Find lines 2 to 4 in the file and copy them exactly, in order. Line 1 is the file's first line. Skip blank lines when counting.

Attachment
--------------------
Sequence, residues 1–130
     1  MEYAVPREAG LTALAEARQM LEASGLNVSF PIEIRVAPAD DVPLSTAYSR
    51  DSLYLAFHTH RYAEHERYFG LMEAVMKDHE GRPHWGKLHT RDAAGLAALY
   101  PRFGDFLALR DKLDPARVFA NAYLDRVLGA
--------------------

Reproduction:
     1  MEYAVPREAG LTALAEARQM LEASGLNVSF PIEIRVAPAD DVPLSTAYSR
    51  DSLYLAFHTH RYAEHERYFG LMEAVMKDHE GRPHWGKLHT RDAAGLAALY
   101  PRFGDFLALR DKLDPARVFA NAYLDRVLGA